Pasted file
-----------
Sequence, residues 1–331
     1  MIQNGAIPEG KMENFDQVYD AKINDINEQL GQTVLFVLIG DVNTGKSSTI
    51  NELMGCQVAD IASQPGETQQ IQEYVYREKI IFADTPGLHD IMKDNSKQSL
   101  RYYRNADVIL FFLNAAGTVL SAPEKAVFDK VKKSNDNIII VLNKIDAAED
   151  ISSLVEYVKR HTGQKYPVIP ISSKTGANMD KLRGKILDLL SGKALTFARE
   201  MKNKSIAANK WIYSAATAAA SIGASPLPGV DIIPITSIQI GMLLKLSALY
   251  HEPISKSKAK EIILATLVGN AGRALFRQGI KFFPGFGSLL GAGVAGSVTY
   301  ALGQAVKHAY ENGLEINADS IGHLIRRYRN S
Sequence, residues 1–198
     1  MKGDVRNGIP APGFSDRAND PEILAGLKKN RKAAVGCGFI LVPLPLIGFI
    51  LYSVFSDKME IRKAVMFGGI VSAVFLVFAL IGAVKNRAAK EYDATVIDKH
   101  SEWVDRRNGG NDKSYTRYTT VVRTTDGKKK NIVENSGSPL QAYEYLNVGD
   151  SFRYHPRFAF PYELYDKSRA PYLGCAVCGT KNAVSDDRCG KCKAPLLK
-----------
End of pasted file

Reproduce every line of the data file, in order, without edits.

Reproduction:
Sequence, residues 1–331
     1  MIQNGAIPEG KMENFDQVYD AKINDINEQL GQTVLFVLIG DVNTGKSSTI
    51  NELMGCQVAD IASQPGETQQ IQEYVYREKI IFADTPGLHD IMKDNSKQSL
   101  RYYRNADVIL FFLNAAGTVL SAPEKAVFDK VKKSNDNIII VLNKIDAAED
   151  ISSLVEYVKR HTGQKYPVIP ISSKTGANMD KLRGKILDLL SGKALTFARE
   201  MKNKSIAANK WIYSAATAAA SIGASPLPGV DIIPITSIQI GMLLKLSALY
   251  HEPISKSKAK EIILATLVGN AGRALFRQGI KFFPGFGSLL GAGVAGSVTY
   301  ALGQAVKHAY ENGLEINADS IGHLIRRYRN S
Sequence, residues 1–198
     1  MKGDVRNGIP APGFSDRAND PEILAGLKKN RKAAVGCGFI LVPLPLIGFI
    51  LYSVFSDKME IRKAVMFGGI VSAVFLVFAL IGAVKNRAAK EYDATVIDKH
   101  SEWVDRRNGG NDKSYTRYTT VVRTTDGKKK NIVENSGSPL QAYEYLNVGD
   151  SFRYHPRFAF PYELYDKSRA PYLGCAVCGT KNAVSDDRCG KCKAPLLK